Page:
Expect further declines in natural gas production this year and the country is running out of fiscal space are the observations of one economist and a former Energy Minister.
Former energy minister Kevin Ramnarine said the country’s natural gas production is expected to further decline in 2021.
Ramnarine’s comments came after Finance Minister Colm Imbert revealed that the country’s economy is in peril as a result of a decline in oil and gas production and low international commodity prices.
In an interview with Guardian Media Ramnarine said the challenges facing natural gas production warrants a national discussion.
He said: “Natural gas production in 2020 was 15 per cent lower than it was in 2019 and that’s a significant drop in natural gas production. Mainly we have seen significant declines coming from BPTT, the country’s largest natural gas producer.”
According to Ramnarine this decline is likely to continue into 2021 adding that the production of natural gas is at the heart of the country’s economy.
On Wednesday, Finance Minister Colm Imbert said taxes from oil companies were down by $268 million or a whopping 39.7 percent. This he said was a direct result of depressed prices for oil and gas, and lower than expected production volumes.
Imbert noted that non-tax revenue which includes a large component of Royalties on oil and gas was also significantly down.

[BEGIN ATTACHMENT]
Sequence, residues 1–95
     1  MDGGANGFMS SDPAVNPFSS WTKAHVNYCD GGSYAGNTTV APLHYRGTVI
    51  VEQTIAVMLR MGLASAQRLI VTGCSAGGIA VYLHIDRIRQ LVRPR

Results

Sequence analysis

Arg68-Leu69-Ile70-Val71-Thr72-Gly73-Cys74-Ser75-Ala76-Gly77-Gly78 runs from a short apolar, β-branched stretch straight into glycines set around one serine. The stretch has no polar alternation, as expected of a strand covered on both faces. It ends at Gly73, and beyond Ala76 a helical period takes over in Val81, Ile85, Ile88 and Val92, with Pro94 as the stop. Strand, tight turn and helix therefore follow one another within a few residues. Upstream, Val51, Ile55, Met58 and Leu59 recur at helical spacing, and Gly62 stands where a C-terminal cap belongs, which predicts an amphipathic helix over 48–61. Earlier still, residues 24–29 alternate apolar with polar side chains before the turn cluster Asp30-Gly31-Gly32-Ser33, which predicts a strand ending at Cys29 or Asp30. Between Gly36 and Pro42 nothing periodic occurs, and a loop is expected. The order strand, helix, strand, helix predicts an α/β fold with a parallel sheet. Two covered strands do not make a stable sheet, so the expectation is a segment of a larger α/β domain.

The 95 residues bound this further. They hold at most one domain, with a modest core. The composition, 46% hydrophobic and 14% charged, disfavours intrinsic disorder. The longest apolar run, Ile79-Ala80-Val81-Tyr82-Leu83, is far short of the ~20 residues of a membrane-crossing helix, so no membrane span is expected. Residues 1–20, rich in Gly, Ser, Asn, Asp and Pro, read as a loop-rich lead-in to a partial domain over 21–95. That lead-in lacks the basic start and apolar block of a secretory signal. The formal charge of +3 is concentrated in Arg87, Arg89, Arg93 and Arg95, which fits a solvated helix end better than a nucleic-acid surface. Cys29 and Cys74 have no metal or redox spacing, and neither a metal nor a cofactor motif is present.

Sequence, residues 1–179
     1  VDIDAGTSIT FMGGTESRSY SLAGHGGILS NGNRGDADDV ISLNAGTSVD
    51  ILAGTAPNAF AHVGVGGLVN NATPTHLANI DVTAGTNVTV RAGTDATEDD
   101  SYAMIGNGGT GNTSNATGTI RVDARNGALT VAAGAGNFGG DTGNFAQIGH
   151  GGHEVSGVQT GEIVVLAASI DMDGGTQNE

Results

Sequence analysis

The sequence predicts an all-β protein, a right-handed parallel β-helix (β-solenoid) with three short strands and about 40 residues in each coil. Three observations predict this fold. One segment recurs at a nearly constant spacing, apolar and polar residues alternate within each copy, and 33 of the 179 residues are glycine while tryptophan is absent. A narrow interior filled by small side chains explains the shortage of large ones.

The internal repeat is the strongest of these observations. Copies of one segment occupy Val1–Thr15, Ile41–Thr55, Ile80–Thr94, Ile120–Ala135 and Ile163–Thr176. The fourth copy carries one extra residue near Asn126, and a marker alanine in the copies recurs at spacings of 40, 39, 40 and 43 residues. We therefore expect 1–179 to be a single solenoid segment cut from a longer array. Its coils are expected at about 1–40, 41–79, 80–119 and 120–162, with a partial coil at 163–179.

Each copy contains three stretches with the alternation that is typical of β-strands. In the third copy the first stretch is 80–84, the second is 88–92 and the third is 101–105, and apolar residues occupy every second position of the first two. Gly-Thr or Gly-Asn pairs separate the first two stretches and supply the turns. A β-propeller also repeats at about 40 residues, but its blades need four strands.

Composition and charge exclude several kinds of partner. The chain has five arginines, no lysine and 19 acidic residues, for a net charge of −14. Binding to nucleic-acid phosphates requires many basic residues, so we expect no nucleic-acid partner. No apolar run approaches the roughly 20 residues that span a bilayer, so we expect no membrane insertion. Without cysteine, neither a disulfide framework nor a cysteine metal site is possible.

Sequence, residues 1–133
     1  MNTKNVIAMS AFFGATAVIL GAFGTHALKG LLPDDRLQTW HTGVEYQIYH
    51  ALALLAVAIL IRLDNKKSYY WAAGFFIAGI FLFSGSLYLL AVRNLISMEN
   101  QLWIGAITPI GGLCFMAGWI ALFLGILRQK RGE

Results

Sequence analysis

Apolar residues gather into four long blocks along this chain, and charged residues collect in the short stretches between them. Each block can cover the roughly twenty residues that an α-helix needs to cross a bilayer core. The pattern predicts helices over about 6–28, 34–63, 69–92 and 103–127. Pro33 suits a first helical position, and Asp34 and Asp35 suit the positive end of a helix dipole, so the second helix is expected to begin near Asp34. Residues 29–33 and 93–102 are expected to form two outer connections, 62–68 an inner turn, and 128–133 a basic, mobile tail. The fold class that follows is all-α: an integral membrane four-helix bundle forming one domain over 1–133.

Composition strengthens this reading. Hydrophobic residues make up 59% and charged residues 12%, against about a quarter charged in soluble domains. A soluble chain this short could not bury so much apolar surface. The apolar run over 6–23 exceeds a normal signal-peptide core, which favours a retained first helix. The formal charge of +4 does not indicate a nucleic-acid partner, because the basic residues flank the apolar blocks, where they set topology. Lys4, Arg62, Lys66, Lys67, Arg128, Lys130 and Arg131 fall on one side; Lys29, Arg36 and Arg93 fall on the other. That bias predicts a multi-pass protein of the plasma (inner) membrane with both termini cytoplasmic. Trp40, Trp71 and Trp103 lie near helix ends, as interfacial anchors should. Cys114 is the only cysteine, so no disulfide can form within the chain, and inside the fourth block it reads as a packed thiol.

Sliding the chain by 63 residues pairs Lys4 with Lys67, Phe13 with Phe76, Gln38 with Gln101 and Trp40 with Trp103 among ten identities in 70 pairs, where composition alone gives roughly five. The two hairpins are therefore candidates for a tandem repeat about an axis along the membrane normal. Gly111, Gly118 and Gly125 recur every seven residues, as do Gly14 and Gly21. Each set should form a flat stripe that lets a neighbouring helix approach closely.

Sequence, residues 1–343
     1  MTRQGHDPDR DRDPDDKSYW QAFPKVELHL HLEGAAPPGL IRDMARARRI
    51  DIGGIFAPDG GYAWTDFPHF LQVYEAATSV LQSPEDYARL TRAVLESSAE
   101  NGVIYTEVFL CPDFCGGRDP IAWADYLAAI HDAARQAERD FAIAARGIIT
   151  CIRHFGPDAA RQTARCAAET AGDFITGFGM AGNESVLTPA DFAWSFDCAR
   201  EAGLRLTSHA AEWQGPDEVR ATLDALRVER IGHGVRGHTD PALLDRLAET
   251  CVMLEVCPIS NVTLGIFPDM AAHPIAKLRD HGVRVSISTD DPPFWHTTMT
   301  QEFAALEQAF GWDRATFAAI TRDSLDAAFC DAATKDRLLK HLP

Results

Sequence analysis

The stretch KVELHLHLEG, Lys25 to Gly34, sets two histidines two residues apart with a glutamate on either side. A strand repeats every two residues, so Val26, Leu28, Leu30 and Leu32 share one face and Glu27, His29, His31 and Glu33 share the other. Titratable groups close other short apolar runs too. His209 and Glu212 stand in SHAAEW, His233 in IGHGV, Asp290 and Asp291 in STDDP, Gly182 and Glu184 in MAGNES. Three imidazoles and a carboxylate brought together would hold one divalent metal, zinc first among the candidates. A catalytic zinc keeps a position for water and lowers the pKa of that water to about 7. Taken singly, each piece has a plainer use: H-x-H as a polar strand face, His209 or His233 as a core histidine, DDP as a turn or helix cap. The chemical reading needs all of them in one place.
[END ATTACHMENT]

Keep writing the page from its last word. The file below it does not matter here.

“We were expecting to get $2.7 billion from non tax revenue which is primarily royalties and as you can see we are down to a little below $2 billion. Royalties on oil and gas were down by $800 million or 40 per cent and that is as a result of depressed oil and gas prices and lower than expected petroleum volumes.”
He also expected government to receive extra-ordinary receipts from oil and gas companies arising from the negotiations that “the honourable Prime Minister did with Shell, BP and those companies when he travelled around the world to various headquarters.”
Imbert said: “We expected to get extra-ordinary receipts from those companies of about $100 million and that’s down by 98 per cent because its based on profits in the oil and gas sector.”
Meanwhile economist Dr Vaalmiki Arjoon said T&T’s debt levels are escalating while revenues continue to decline, an unhealthy sign for the economy.
“We are not just in a COVID pandemic. We have also found ourselves in a debt pandemic. We still have to repay this debt. It is all well and good to say other countries are borrowing and like them we can’t escape it but we have to have a concerted plan,” Arjoon told Guardian Media.
He said Government must implement ways to increase revenue in a meaningful way.
Dr Arjoon noted that continuously dipping into the Heritage and Stabilisation Fund was also unwise especially for future generations.
“How much money are we leaving our future generation with if you’re using the HFS and at the same time leaving them with the responsibility of having to pay out more and more debt?” Dr Arjoon asked.
Dr Arjoon agreed with the Finance Minister that the country’s reliance on debt to pay salaries is unsustainable.
He said: “If you don’t have the revenue to pay them then many of them will start facing cuts in salaries and some of them unfortunately will start facing losses in their jobs.”
The economist added that Government needs to fundamentally address the current challenges as putting a bandaid on it will not work.